So a change in tone came over the Marsh. Tom Brangwen the father, as he grew older, seemed to mature into a gentleman-farmer. His figure lent itself: burly and handsome. His face remained fresh and his blue eyes as full of light, his thick hair and beard had turned gradually to a silky whiteness. It was his custom to laugh a great deal, in his acquiescent, wilful manner. Things had puzzled him very much, so he had taken the line of easy, good-humoured acceptance. He was not responsible for the frame of things. Yet he was afraid of the unknown in life.

He was fairly well-off. His wife was there with him, a different being from himself, yet somewhere vitally connected with him:—who was he to understand where and how? His two sons were gentlemen. They were men distinct from himself, they had separate beings of their own, yet they were connected with himself. It was all adventurous and puzzling. Yet one remained vital within one’s own existence, whatever the off-shoots.

So, handsome and puzzled, he laughed and stuck to himself as the only thing he could stick to. His youngness and the wonder remained almost the same in him. He became indolent, he developed a luxuriant ease. Fred did most of the farm-work, the father saw to the more important transactions. He drove a good mare, and sometimes he rode his cob. He drank in the hotels and the inns with better- class farmers and proprietors, he had well-to-do acquaintances among men. But one class suited him no better than another.

His wife, as ever, had no acquaintances. Her hair was threaded now with grey, her face grew older in form without changing in expression. She seemed the same as when she had come to the Marsh twenty- five years ago, save that her health was more fragile. She seemed always to haunt the Marsh rather than to live there. She was never part of the life. Something she represented was alien there, she remained a stranger within the gates, in some ways fixed and impervious, in some ways curiously refining. She caused the separateness and individuality of all the Marsh inmates, the friability of the household.

When young Tom Brangwen was twenty-three years old there was some breach between him and his chief which was never explained, and he went away to Italy, then to America. He came home for a while, then went to Germany; always the same good-looking, carefully-dressed, attractive young man, in perfect health, yet somehow outside of everything. In his dark eyes was a deep misery which he wore with the same ease and pleasantness as he wore his close-sitting clothes.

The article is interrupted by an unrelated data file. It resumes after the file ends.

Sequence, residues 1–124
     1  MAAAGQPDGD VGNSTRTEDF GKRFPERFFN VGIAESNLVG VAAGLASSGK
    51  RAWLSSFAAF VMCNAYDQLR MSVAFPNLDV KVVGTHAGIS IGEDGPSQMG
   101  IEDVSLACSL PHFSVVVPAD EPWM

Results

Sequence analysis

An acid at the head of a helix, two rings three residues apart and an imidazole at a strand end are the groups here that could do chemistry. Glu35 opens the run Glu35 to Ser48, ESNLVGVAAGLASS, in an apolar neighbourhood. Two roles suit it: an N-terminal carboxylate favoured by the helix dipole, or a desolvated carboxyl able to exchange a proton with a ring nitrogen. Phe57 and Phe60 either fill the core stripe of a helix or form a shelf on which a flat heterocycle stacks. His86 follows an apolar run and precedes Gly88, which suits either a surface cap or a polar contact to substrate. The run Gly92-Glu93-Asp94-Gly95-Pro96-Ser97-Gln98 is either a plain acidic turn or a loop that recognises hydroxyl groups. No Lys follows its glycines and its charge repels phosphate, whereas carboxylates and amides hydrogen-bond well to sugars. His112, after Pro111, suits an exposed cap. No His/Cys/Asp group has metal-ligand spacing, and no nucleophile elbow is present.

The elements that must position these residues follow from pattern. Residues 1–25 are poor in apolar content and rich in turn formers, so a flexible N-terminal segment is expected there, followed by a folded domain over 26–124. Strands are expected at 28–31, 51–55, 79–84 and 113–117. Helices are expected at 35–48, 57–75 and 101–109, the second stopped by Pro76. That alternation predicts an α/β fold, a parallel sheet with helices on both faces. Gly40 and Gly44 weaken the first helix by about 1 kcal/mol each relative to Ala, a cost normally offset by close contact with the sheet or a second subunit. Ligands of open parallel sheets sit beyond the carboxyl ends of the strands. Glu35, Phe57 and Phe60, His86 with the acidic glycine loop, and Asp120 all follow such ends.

To Ursula he was a romantic, alluring figure. He had a grace of bringing beautiful presents: a box of expensive sweets, such as Cossethay had never seen; or he gave her a hair-brush and a long slim mirror of mother-of-pearl, all pale and glimmering and exquisite; or he sent her a little necklace of rough stones, amethyst and opal and brilliants and garnet. He spoke other languages easily and fluently, his nature was curiously gracious and insinuating. With all that, he was undefinably an outsider. He belonged to nowhere, to no society.

Anna Brangwen had left her intimacy with her father undeveloped since the time of her marriage. At her marriage it had been abandoned. He and she had drawn a reserve between them. Anna went more to her mother.

Then suddenly the father died.

It happened one springtime when Ursula was about eight years old, he, Tom Brangwen, drove off on a Saturday morning to the market in Nottingham, saying he might not be back till late, as there was a special show and then a meeting he had to attend. His family understood that he would enjoy himself.

The season had been rainy and dreary. In the evening it was pouring with rain. Fred Brangwen, unsettled, uneasy, did not go out, as was his wont. He smoked and read and fidgeted, hearing always the trickling of water outside. This wet, black night seemed to cut him off and make him unsettled, aware of himself, aware that he wanted something else, aware that he was scarcely living. There seemed to him to be no root to his life, no place for him to get satisfied in. He dreamed of going abroad. But his instinct knew

  By PanEris using Melati.

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